The adoption of the Common Core State Standards by nearly all states, combined with tougher literacy assessments, will reveal the large gaps between the literacy skills of average American students and international standards, and the literacy...
In this post we explore three common strategies for introducing text before reading and the ways they do (or don't) align with the Common Core. These strategies have been challenged by the authors of the CCSS and we address this criticism.
"The Common Core only tells us what to teach, but doesn’t tell us how to teach."
Three traditional practices in literacy education:
1) presenting background information,
2) pre-reading strategies, such as predicting, and
3) articulating a summary of the text.
David Coleman Quotes
We lavish so much attention on these strategies in the place of reading, I would urge us to instead read.
the first escape from the text is to summarize it in advance
asking you to just read. To think of dispensing for a moment with all the apparatus we have built up before reading and plunging into reading the text. And let it be our guide into its own challenges.
Nothing could be more lethal to paying attention to the text in front of you than such a hunt and seek mission
These standards aren't a move towards reforming mathematics education; these standards are a move towards transforming mathematics education. Significant changes will occur in instruction, curriculum, and assessment. Quality implementation is key.
The October issue of Principal Leadership arrived in the mail this week and it featured a Question and Answer article with the 2012 NASSP Digital Principal Award Winners. Thanks to NASSP for allowing an opportunity to share some of the wonderful things happening in Burlington.
We recommend that schools set the expectation and schedule the time for staff to read and discuss the Standards, beginning with the “front matter,” not the grade-level Standards.
We also recommend that staff reading and discussion be guided by an essential question: What are the new distinctions in these Standards and what do they mean for our practice?
Since the Standards are complex texts and demand a “close” reading, we recommend that staff carefully examine the table of contents and the organizational structure; the headers (e.g., Design Considerations; What is Not Covered, etc.), the components (e.g., Anchor Standards and Foundational Skills for ELA; Standards for Mathematical Practice), and the Appendices (ELA).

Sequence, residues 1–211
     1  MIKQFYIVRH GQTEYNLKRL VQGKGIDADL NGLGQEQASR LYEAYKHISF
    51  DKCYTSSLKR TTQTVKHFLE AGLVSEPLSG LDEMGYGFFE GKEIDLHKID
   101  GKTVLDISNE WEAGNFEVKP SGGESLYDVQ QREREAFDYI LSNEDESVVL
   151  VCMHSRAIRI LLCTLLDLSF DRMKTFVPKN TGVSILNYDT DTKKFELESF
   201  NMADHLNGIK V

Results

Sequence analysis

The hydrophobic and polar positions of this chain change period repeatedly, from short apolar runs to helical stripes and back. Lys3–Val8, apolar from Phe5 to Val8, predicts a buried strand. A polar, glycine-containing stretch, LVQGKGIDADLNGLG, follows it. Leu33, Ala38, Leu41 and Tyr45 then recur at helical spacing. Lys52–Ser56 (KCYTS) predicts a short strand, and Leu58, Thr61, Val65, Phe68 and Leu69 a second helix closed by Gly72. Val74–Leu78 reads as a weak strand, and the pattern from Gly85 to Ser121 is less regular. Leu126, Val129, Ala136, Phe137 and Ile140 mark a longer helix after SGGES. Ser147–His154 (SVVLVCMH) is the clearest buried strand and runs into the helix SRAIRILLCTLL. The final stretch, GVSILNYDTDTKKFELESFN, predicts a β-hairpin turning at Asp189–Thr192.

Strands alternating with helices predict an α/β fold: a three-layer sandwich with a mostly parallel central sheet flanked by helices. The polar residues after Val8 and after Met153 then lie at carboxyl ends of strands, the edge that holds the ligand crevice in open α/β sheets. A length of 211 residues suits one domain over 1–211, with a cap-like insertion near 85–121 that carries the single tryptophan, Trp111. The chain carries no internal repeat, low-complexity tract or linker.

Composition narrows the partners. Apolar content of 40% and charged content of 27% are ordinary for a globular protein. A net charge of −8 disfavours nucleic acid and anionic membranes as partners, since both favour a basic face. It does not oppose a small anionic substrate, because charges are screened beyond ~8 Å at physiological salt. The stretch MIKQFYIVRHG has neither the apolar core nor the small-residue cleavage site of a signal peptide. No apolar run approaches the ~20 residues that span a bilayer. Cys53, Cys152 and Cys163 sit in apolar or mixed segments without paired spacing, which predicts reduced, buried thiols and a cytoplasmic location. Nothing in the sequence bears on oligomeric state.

This summer, Missouri received a waiver from NCLB provisions that removes AYP from a school's report card and does not require districts to offer parents the option to transfer from low-performing Title I schools.
In this blog we explore the Common Core idea that teachers shouldn't build background knowledge to help students understand what they are reading. We offer an alternative to this commonly practiced instructional strategy.
The Common Core emphasizes close reading and text-dependent questions. So what are text-dependent questions, and how can teachers develop them?
Text-dependent questions direct students’ inquiry into the text, rather than outside of it, and can only be answered with evidence from the text.
A strong text-dependent question should invite students to interpret theme, analyze syntax and text structure, support students’ understanding of vocabulary, and analyze the effects of specific word choice.
A high-quality summative assessment will involve writing and should allow students individually to demonstrate mastery of one or more of the standards.
Text-dependent questions will specifically target (Tier 2 Vocabulary) words that might otherwise be a barrier to their comprehension.
Identify what makes the text difficult (Quantitative, Qualitative, Reader and Task)
Rather than present them randomly, teachers can sequence text-dependent questions to help students gradually unfold their understanding and perform rigorous analysis, learning to stay focused inside of the text to construct meaning.
Any good instructional planning begins and ends with standards.
Note: When you are working with text-dependent questions to establish rigorous classroom discourse and providing students with routine writing tasks to support comprehension and analysis, you are activating most of the standards for Reading, Writing, and Speaking & Listening most of the time.
Assessment: Ensure "that the culminating activity fully aligns with the text-dependent questions and focus standards that you have identified."
Gov. Jerry Brown evidently agrees that California’s math standards should align more closely with the national Common Core standards. On Thursday, he signed SB 1200, which will allow the State Board to weed out the dozens of California state Algebra standards that were inserted two years ago with the adoption of Common Core as part of an ongoing, unresolved debate over what students should learn in eighth grade.
Sourcing documents is a key skill within the curriculum for Reading Like A Historian. Discover a way to structure a sourcing lesson for your High School History class.
What does it mean that literacy crosses all subjects? In short, this means that because we don’t read novels the same way we read science labs or the same way we read histories, all of us get to teach the different faces of literacy.
Too often, we promote rigor as work that is only for advanced students, or work that is more (doubling the amount of homework) or harder (you already can’t do it, so here’s something that is even harder). That is NOT rigor.
This is a great example of how teachers are integrating writing assignments across the curriculum, helping students practice practice their oral communication skills, and helping students safely publish their work in digital forms online.
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